Sunday, January 30, 2011

A Versailles Christmas-tide by Mary Stuart Boyd

A pleasant little book. I downloaded it from Project Gutenberg without any of its illustrations, to save memory on my Kindle, but that may have been a mistake; judging by the space allotted them, half the point of the memoir seems to have been the  pictures. They were drawn by the author's husband A. S. Boyd, whose art appeared in Punch and who himself appeared in the Who's Who of 1900.

Even bereft so, it's a pleasant little book. The Boyds, an English couple, receive word that their teenaged son, away at school in Versailles, has come down with scarlet fever. They set out at once -- "it was full noon when the news came, and nightfall saw us dashing through the murk of a wild mid-December night towards Dover pier" -- and after about a day and a half, a boat, a train to Paris, a drive across the city, and another train bring them "jolting in a fiacre over the stony streets of Versailles."

The following nine chapters gently tell the story of the parents' observations and small adventures while they winter unexpectedly in this eerily forgotten corner of France. Only twelve miles from Paris, "Versailles is not ancient; it is old, completely old. Since the fall of the Second Empire it has stood still. Most of the clocks have run down, as though they realised the futility of trying to keep pace with the rest of the world." The Boy recovers, as we know he will (this is not a writer to stun us with a tragedy at the end). Since he is being nursed by the Soeur of the Red Cross hospital in town, who only seems to allow parental visits at mealtimes, Mr. and Mrs. Boyd simply wait, and knock about Versailles for the better part of a month. They watch the goings-on among their fellow hotel guests, or at the vegetable market, where they buy and decorate a Christmas tree as a surprise for the invalid. Because it is Christmas, they watch the goings-on at the local Notre Dame, where silent worshipers contemplate a crèche, or attend to private spiritual needs.

Here a pretty girl returned thanks for evident blessings received; there an old spinster, the narrowness of whose means forbade her expending a couple of sous on the hire of a chair, knelt on the chilly flags and murmured words of gratitude for benefits whereof her appearance bore no outward indication.

Most interesting for the modern reader are the Boyds' leisurely tours of the palace of Versailles in the days before it was -- I should think -- a full-on, cleaned-up tourist destination, as crowded and lockstep with routines and défendus as it probably ever was when the Sun King's court adored him there. Early on in her book, Mrs. Boyd quickly sketches memories of a previous, rubberneck visit -- "a palace of fatiguing magnificence" -- but now in the off season while she is living in the town, she goes there again and really explores. Now she is given a private tour of the hidden staircase, "dark, narrow, and hoary with the dust of years," by which Marie Antoinette fled the invading crowds in October, 1789, and she claims to have asked to see it only after surmising, all on her own, that it must exist. ("... I was puzzling over the transparent fact that either of the apparent exits would have led her directly into the hands of the enemy, when the idea of a secret staircase suggested itself.") She visits the hameau, the queen's little fake dairy farm, and records it still abandoned and unkempt because its previous owners had been dragged away. Her writing is very pretty, and deserves quoting at length.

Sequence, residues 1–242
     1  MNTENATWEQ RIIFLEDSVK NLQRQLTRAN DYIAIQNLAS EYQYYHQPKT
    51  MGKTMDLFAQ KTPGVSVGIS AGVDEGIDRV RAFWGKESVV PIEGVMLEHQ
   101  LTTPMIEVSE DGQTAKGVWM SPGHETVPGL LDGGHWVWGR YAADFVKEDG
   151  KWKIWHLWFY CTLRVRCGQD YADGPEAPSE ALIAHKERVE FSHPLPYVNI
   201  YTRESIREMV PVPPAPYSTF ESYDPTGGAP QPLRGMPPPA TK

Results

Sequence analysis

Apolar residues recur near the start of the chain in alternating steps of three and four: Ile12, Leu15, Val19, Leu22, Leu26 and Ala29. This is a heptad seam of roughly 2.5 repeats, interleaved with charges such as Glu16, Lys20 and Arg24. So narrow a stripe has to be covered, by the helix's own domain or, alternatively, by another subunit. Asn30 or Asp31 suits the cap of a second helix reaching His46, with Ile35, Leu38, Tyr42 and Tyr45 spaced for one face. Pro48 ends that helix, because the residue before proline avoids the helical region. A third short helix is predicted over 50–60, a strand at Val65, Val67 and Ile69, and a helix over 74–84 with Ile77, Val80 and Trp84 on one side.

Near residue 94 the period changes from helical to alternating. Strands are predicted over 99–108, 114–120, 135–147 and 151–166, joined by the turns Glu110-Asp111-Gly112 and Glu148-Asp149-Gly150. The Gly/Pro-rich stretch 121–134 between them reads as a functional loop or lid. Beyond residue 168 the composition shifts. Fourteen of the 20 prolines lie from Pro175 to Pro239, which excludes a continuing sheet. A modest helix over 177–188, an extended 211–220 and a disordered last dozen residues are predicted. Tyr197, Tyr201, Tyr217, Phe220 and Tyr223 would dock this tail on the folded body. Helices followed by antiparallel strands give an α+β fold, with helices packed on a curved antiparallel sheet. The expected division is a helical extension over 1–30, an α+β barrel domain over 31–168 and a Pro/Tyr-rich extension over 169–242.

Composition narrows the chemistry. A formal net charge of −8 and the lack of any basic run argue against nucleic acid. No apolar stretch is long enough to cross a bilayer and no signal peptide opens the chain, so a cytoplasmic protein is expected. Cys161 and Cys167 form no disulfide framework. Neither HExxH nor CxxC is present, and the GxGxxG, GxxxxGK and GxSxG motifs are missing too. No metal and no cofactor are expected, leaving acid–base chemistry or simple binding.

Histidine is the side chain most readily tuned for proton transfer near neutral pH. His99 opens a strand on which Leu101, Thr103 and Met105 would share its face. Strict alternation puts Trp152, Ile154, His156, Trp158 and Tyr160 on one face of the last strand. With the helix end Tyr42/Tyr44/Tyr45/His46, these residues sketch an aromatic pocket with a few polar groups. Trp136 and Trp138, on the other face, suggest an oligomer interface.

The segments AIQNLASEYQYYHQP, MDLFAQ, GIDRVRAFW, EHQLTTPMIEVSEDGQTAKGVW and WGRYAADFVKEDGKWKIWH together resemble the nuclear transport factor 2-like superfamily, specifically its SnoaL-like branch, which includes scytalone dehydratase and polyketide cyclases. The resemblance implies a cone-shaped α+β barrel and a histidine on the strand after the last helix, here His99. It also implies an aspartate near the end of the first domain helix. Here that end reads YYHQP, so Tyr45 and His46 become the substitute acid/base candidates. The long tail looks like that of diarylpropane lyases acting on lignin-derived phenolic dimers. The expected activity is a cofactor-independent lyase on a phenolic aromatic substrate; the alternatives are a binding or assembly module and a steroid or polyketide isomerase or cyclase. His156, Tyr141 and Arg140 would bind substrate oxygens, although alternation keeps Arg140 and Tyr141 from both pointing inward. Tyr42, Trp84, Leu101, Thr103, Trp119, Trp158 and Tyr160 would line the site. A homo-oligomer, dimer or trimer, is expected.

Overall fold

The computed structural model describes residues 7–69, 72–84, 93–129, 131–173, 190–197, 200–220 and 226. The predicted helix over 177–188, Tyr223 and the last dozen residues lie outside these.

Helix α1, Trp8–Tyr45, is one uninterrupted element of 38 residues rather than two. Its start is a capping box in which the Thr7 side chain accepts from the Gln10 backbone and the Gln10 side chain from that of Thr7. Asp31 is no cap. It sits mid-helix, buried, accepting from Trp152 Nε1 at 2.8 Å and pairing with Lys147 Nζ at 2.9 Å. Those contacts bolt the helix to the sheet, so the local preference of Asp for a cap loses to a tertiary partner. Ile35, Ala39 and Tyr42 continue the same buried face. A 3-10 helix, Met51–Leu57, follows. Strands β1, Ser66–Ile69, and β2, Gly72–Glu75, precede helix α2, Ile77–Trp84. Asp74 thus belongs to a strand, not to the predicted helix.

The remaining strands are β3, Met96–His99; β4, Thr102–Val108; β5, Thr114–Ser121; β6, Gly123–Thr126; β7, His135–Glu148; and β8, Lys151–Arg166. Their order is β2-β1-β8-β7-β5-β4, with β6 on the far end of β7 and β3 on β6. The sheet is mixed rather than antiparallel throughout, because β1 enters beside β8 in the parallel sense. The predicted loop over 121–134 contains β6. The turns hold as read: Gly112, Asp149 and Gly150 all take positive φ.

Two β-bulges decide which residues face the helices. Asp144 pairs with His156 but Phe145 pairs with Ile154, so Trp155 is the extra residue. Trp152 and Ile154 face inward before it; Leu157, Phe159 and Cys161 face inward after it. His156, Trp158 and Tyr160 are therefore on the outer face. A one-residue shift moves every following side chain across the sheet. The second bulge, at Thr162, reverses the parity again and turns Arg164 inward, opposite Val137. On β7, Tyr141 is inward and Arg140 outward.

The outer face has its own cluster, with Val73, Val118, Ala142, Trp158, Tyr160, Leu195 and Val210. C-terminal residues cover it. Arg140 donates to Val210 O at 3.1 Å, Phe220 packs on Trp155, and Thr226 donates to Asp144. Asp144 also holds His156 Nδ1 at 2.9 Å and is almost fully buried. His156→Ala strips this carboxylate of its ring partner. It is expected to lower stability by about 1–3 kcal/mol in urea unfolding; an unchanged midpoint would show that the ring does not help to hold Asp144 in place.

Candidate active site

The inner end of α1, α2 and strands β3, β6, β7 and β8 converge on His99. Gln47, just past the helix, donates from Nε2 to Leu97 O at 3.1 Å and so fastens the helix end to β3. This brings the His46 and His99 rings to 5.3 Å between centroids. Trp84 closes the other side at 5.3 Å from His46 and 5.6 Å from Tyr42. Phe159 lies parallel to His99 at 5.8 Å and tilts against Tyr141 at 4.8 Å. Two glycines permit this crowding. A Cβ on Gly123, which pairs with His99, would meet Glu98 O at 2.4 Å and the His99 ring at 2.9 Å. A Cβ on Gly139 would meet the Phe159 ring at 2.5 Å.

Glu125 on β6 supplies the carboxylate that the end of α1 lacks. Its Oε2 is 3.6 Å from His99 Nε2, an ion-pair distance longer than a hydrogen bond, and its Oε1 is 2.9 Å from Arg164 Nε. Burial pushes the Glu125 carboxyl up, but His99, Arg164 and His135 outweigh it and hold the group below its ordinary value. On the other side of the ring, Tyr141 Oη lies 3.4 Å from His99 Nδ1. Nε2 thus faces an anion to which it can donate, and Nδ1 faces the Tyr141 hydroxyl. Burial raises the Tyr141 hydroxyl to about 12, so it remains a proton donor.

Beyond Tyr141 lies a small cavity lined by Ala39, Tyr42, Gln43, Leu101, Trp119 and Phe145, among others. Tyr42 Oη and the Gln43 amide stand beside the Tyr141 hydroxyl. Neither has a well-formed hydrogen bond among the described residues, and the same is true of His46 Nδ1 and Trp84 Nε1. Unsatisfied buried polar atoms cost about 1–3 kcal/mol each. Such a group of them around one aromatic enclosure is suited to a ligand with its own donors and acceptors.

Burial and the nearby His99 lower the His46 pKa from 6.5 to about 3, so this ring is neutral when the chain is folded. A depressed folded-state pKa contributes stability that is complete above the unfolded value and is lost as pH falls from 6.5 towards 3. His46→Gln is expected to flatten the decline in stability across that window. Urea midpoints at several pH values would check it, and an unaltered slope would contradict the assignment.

About the pillars supporting the verandah-roof of the chief cottage and that of the wide balcony above, roses and vines twined lovingly. And though it was the first day of January the rose foliage was yet green and bunches of shrivelled grapes clung to the vines. It was lovely then; yet a day or two later, when a heavy snowfall had cast a white mantle over the village, and the litle lake was frozen hard, the scene seemed still more beautiful in its ghostly purity.

At first sight there was no sign of decay about the long-deserted hamlet. The windows were closed, but had it been ealy morning, one could easily have imagined that the pseudo villagers were alseep behind the shuttered casements, and that soon the Queen, in some charming déshabillé, woudl come out to breathe the sweet morning air and to inhale the perfume of the climbing roses on the balcony overloking the lake, where gold-fish darted to and fro among the water-lilies ....

The sunset glamour had faded and the premature dusk of mid-winter was falling as, approaching nearer, we saw where the roof-thatch had decayed, where the insidious finger of Time had crumbled the stone walls. A chilly wind arising, moaned through the naked trees. The shadow of the guillotine seemed to brood oppressively over the scene, and, shuddering, we hastened away.

I'm sure I don't know why, but perhaps some psychiatrist could explain why middle class, middle aged women, perhaps particularly Anglo women, stand ever fascinated by Marie Antoinette. Do French or for that matter Austrian women swoon over her quite as much? Do we recognize her as one of our own, though shrouded in far more than the glamor of mere foreignness? Stefan Zweig subtitled his biography of her "Portrait of an Average Woman," in keeping with his thesis that her fate and the fate of those around her might have been less tragic had she possessed any outsize abilities. Perhaps we like her because we see her as wife, mother, interested in friends, parties, rehabbing the house, elevated as a teenager to the highest and richest and most delightful sphere -- first Dauphine, then Queen of France! -- above all, innocent. Mrs. Boyd's book on visiting her ill son would have been far shorter had she not included two whole chapters on this woman and a great many of her compeers ("to me the Palace of Versailles is peopled by the ghosts of many women"). But her fascination with the queen fascinates also because, as a practical matter, from this witness in 1900 we enjoy the ghoulish little thrill of seeing the hameau as it can never be again. For her it was a crumbling but living thing. With her we can look at the rotting thatch and murmur inwardly, "just a little more than a hundred years ago ... not even repaired." I doubt it's quite so authentically, "oppressively" ghostly today.